In Alex Garland’s Annihilation, The Shimmer appears as a lovely, iridescent wall, a gel-like substance of alien origin enclosing a recently evacuated area. It is enticing, poetic and ominous, like this cerebral sci-fi thriller itself, which takes Natalie Portman and four other scientists inside the area to investigate what the Shimmer holds and why all previous missions have disappeared inside it.

It is philosophical about human nature and identity without ever being pretentious

Following his sharp focus on artificial intelligence in Ex Machina, Garland has written and directed a film that is broader but scene-for-scene just as masterful. Annihilation is philosophical about human nature and identity, without being in the least pretentious. It addresses the psychology of self-destructive behaviour. And it drops in effective jump-scares. Mutated beasts, including a bear and an enormous white alligator, pounce on the team apparently out of nowhere. Throughout, Garland fills the screen with images that become ever more ravishing as the team gets closer to some answers.

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Garland cleverly lays out the plot, from Jeff VanderMeer’s bestselling novel. We first see Portman being questioned by men in HazMat suits after her return from The Shimmer, and learn she is the lone survivor of her expedition. The film is a long flashback in which we learn that Portman’s character, Lena, is an Army veteran, now a biology professor at Johns Hopkins University.

Her husband, Kane (Oscar Isaac), who disappeared on a secret military mission a year before, comes home as a nearly catatonic, changed man. The deadened look in Isaac’s eyes is evidence of how much the actor can do with a glance, and of how effectively Garland uses extreme close-ups. Eyes matter in this film, from the characters’ opaque or revealing gazes to abstract images that make it feel as if we’re staring into the eye of the sun or the moon.    

When it turns out that Kane is the only survivor of his own trip into The Shimmer, Portman joins the next team in, led by a terse psychologist, Dr Ventress (Jennifer Jason Leigh). Gina Rodriquez gets the splashiest role and comes through as the tough, quick-to-anger paramedic, Anya. Tuva Novotny plays Cass, an anthropologist. Josie, a physicist, is played by Tessa Thompson, who is always so good that you wish her role here were not so underwritten (or over-edited).

The fact that this is a female team is handled perfectly in an aside. “All women?” Lena asks when she meets the other members. “All scientists,” she is told, and that’s the end of that.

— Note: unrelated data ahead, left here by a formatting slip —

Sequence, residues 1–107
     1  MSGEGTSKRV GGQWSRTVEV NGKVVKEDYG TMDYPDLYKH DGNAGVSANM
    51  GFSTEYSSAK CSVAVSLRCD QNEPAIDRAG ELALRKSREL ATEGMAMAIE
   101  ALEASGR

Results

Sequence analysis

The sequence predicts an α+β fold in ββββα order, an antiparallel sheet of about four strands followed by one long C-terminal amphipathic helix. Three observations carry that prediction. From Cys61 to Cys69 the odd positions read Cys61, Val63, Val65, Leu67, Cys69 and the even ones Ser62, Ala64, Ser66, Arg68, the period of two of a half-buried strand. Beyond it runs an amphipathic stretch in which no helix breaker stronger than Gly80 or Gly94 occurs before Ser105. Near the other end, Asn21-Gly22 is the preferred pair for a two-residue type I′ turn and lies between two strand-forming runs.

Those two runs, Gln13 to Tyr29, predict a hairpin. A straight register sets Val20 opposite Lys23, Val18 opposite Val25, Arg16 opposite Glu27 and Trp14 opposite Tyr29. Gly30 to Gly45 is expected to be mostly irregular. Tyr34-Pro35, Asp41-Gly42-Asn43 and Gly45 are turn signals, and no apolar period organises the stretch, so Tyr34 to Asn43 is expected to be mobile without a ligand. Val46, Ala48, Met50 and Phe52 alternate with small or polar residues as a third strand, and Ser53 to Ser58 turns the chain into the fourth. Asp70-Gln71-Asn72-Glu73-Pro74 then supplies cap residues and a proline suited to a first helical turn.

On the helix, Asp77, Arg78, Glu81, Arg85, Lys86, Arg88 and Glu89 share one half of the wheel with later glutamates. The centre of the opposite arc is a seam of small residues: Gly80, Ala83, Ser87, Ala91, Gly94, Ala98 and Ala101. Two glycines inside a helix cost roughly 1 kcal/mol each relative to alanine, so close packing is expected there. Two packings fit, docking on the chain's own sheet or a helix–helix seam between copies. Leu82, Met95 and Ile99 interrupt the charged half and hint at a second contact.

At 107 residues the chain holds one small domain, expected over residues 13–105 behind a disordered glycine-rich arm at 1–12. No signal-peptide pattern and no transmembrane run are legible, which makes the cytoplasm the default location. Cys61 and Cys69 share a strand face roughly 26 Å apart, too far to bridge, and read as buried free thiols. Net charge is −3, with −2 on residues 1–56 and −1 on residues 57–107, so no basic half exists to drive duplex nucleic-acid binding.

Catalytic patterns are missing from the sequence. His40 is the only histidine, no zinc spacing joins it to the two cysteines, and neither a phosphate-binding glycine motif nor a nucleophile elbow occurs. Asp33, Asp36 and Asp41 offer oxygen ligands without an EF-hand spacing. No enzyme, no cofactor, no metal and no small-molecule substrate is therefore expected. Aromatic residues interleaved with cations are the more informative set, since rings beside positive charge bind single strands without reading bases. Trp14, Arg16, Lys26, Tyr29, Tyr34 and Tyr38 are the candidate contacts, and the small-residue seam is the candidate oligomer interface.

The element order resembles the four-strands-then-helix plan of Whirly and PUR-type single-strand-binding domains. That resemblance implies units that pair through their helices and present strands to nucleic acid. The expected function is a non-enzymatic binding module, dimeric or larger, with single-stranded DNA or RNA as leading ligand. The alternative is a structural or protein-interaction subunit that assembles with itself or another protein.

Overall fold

Into the zone

Within The Shimmer, the women wield guns and at times experience group memory loss. They find horrifying evidence of the previous team’s experience, which only deepens the mystery. And Lena quickly discovers that all life forms, not just the threatening animals, are mutating. Multi-coloured flowers of different species climb a tree trunk. White deer have antlers made of pink-flowering tree branches. Or are the women experiencing shared hallucinations? As Lena approaches a lighthouse assumed to be the source of The Shimmer, she encounters a beach on which trees made of shards of glass or ice rise out of the sand. Rob Hardy, who was also the cinematographer on Ex Machina, makes each image graceful and each scary moment visceral.

The further the team explores, the more we see of each character’s particular vulnerability. Cass is grieving for a dead child. Anya is a sober addict. In flashback we learn that Lena’s marriage was not as perfect as it seemed at the start. “Almost none of us commit suicide,” Ventress says about the team’s apparent suicide mission, extending it to a sweeping assessment of human nature. “Almost all of us self-destruct.” 

Garland playfully borrows from classic genre films and makes those references and influences his own. There are scenes that evoke 2001, Close Encounters of the Third Kind, Alien and any number of Terrence Malick films. The minimalist, electronic score by Geoff Barrow (of the group Portishead) and Ben Salisbury adds a subtle layer of mystery.

The film’s mind-bending conclusion is wonderfully open-ended. It suggests how much of what we have seen has been shaped by the characters’ points of view, and how delicately Portman has shaped her role. The ending and all those poetic images make Annihilation ripe for allegorical interpretation, but that ham-fisted approach would reduce Garland’s expansive vision.

In the run-up to the film’s opening, it was widely reported that Garland and his producer, Scott Rudin, had resisted changes based on negative responses to a test screening. It’s easy to see the source of that problem. Annihilation has an auteur’s indie sensibility, a mid-range budget of around $40 million, and a wide studio release in the US. (Paramount sold it off to Netflix internationally.) That’s never an easy combination, but a film this ambitious, suspenseful and beautifully made is certain to find its audience.

★★★★☆ 

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